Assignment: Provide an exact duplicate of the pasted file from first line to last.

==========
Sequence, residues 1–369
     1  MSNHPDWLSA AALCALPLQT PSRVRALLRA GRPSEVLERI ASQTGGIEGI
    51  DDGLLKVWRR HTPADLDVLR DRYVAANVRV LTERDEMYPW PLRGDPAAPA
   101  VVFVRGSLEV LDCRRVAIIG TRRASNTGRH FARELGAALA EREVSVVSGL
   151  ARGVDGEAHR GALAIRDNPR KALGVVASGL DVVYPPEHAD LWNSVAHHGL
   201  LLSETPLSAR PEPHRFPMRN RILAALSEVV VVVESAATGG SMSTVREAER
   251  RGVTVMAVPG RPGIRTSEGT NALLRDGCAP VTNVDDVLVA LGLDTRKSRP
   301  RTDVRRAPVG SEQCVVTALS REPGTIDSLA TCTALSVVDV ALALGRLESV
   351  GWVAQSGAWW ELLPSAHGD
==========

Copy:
Sequence, residues 1–369
     1  MSNHPDWLSA AALCALPLQT PSRVRALLRA GRPSEVLERI ASQTGGIEGI
    51  DDGLLKVWRR HTPADLDVLR DRYVAANVRV LTERDEMYPW PLRGDPAAPA
   101  VVFVRGSLEV LDCRRVAIIG TRRASNTGRH FARELGAALA EREVSVVSGL
   151  ARGVDGEAHR GALAIRDNPR KALGVVASGL DVVYPPEHAD LWNSVAHHGL
   201  LLSETPLSAR PEPHRFPMRN RILAALSEVV VVVESAATGG SMSTVREAER
   251  RGVTVMAVPG RPGIRTSEGT NALLRDGCAP VTNVDDVLVA LGLDTRKSRP
   301  RTDVRRAPVG SEQCVVTALS REPGTIDSLA TCTALSVVDV ALALGRLESV
   351  GWVAQSGAWW ELLPSAHGD